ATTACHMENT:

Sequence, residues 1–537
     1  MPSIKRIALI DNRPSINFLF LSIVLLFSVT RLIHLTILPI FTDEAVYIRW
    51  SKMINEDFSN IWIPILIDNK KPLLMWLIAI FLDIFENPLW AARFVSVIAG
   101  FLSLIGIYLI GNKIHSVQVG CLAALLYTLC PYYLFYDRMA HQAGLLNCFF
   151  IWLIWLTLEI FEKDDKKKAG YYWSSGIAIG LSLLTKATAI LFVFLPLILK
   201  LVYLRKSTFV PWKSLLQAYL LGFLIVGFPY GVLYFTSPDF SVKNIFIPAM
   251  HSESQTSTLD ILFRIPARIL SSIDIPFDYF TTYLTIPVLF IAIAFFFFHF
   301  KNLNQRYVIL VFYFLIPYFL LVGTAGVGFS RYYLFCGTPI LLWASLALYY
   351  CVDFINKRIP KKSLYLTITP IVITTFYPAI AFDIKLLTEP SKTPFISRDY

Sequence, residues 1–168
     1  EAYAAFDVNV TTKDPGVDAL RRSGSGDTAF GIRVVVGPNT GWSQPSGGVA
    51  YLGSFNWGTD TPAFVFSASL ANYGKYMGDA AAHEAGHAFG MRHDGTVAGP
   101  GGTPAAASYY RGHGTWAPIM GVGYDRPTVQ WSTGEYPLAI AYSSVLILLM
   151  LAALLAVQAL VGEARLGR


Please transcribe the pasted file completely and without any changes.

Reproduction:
Sequence, residues 1–537
     1  MPSIKRIALI DNRPSINFLF LSIVLLFSVT RLIHLTILPI FTDEAVYIRW
    51  SKMINEDFSN IWIPILIDNK KPLLMWLIAI FLDIFENPLW AARFVSVIAG
   101  FLSLIGIYLI GNKIHSVQVG CLAALLYTLC PYYLFYDRMA HQAGLLNCFF
   151  IWLIWLTLEI FEKDDKKKAG YYWSSGIAIG LSLLTKATAI LFVFLPLILK
   201  LVYLRKSTFV PWKSLLQAYL LGFLIVGFPY GVLYFTSPDF SVKNIFIPAM
   251  HSESQTSTLD ILFRIPARIL SSIDIPFDYF TTYLTIPVLF IAIAFFFFHF
   301  KNLNQRYVIL VFYFLIPYFL LVGTAGVGFS RYYLFCGTPI LLWASLALYY
   351  CVDFINKRIP KKSLYLTITP IVITTFYPAI AFDIKLLTEP SKTPFISRDY

Sequence, residues 1–168
     1  EAYAAFDVNV TTKDPGVDAL RRSGSGDTAF GIRVVVGPNT GWSQPSGGVA
    51  YLGSFNWGTD TPAFVFSASL ANYGKYMGDA AAHEAGHAFG MRHDGTVAGP
   101  GGTPAAASYY RGHGTWAPIM GVGYDRPTVQ WSTGEYPLAI AYSSVLILLM
   151  LAALLAVQAL VGEARLGR